Wednesday, March 29, 2017

The Dynamics of Change, 1967, Don Fabun


"So what happens then? What happens when the "little black box" on your bedside table is intellectually superior to you? This brings us to another question—what is the interaction that takes place between a human organism at the interface where it joins the machines it designs, builds, and operates?

Historically, we have always learned to live with our artifacts. The motorcar, which once frightened men as well as horses, has become so much a part of our daily lives that to remove it now might destroy us utterly. Radio and television, other machine systems have become the chief sources of our experience of the auditory and visual worlds. (To realize how much we have integrated machine systems with human living, just try, as this writer once did, to live completely alone for ten days without people or any of these machines. It is a shattering and decomposing psychological and emotional experience.)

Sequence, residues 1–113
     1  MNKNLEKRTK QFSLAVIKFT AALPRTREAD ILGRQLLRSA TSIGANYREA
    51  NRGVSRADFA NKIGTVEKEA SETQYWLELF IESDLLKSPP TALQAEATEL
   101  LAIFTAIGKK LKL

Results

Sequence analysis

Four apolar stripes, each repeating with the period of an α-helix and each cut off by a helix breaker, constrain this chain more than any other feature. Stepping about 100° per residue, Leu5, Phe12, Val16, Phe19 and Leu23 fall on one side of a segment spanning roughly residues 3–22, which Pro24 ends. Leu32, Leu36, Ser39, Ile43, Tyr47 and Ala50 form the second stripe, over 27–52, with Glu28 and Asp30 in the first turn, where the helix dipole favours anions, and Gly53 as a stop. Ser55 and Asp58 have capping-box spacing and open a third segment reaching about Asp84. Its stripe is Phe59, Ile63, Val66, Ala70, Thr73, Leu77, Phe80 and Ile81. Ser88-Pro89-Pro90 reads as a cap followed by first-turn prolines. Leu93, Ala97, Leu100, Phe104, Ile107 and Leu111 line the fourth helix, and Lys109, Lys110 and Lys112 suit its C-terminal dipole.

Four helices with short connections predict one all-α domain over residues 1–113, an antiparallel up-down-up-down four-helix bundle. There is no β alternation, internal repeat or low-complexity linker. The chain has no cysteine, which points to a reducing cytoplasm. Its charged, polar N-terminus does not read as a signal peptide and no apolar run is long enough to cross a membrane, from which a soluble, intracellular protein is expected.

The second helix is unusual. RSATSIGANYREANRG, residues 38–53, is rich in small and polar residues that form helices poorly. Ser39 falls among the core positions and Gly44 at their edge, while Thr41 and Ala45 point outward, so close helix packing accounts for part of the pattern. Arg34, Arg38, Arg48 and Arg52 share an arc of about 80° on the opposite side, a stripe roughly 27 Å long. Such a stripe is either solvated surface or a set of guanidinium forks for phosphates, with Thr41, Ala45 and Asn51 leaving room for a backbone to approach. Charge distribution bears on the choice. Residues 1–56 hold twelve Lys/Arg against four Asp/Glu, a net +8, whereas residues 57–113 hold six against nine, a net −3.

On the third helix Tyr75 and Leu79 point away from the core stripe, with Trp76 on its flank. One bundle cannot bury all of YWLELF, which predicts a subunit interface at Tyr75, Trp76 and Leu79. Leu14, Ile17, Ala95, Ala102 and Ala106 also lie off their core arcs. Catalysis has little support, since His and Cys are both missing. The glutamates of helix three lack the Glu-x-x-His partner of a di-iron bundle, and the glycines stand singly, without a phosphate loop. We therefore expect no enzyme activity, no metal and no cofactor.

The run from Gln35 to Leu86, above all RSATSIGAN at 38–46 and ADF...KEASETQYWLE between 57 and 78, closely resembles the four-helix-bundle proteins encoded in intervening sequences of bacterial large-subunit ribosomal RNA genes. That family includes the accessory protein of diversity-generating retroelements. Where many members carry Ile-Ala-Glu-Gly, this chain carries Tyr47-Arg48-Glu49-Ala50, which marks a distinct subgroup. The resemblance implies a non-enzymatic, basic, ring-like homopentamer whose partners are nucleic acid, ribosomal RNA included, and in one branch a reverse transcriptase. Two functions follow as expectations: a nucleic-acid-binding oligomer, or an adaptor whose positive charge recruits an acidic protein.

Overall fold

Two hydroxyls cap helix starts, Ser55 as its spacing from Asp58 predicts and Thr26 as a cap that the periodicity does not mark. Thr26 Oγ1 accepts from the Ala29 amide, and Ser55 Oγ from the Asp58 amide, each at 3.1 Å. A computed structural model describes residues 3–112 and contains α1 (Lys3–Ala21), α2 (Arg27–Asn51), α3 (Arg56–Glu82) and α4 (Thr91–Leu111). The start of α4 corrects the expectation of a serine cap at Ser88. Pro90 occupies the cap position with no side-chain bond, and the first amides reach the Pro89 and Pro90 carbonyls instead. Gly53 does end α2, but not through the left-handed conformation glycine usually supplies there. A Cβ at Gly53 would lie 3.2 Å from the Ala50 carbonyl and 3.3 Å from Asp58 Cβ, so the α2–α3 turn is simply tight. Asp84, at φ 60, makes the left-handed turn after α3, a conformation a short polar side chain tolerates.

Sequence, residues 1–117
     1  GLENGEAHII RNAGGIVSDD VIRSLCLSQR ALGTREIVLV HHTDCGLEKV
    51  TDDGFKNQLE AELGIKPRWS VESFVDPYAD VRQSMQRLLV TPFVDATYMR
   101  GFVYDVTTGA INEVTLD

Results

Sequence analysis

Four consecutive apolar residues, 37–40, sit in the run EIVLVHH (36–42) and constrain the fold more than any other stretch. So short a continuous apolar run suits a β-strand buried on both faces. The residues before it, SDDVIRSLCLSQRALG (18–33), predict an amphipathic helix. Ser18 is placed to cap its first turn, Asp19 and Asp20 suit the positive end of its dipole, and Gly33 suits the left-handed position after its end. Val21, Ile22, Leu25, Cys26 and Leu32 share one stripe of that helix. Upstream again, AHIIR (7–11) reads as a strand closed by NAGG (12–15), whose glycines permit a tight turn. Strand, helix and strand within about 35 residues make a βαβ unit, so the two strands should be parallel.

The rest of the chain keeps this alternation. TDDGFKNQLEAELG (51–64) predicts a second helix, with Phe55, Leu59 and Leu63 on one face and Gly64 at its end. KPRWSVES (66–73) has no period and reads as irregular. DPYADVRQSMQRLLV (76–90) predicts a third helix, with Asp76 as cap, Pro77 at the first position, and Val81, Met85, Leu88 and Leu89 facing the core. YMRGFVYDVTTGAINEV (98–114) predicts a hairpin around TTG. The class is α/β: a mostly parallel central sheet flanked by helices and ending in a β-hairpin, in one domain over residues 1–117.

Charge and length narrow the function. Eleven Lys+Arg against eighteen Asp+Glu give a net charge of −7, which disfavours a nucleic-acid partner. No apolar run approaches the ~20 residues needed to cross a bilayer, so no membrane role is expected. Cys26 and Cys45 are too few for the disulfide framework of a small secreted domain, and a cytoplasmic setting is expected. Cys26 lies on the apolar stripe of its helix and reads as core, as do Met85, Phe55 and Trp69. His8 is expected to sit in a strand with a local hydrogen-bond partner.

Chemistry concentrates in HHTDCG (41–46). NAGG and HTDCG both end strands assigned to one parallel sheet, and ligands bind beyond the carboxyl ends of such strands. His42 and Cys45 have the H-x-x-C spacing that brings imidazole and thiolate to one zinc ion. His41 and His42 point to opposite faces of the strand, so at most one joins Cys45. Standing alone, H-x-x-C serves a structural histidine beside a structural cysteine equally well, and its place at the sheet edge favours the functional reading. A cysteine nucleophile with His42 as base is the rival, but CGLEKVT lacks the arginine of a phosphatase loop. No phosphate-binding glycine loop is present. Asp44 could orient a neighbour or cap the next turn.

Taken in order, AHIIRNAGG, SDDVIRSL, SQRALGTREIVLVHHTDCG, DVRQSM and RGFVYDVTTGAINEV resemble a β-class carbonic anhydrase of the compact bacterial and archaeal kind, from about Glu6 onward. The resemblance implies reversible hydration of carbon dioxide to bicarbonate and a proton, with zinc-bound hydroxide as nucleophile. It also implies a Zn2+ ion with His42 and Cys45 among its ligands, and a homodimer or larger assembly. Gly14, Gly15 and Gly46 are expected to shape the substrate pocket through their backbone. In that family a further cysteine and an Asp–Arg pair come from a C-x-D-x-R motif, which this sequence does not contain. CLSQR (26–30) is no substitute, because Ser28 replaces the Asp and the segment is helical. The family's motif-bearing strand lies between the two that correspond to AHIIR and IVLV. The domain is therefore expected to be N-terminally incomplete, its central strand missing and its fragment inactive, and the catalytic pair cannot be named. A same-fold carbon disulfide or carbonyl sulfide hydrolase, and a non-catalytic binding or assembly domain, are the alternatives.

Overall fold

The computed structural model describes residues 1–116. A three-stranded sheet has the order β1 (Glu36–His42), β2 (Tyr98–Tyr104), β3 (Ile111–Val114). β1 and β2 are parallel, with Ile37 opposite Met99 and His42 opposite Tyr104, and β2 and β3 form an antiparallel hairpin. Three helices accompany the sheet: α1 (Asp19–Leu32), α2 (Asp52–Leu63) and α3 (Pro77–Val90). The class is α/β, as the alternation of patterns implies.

In this section, we have used the image of the motorcycle rider as a symbol of the man/machine symbiosis. Here, man and machine share life and death together; each becomes the expression of experience for the other.

Someday—not too far from now—people will "ride" their personal computers with all the excitement that the motorcycle rider feels when he storms down the long tunnel of the night. We will, with computers, explore our mental world with a something that shares, amplifies and defines our experience. In doing so, it will help us define ourselves as human personalities."

The Dynamics of Change, 1967, Don Fabun

Via: John Adams

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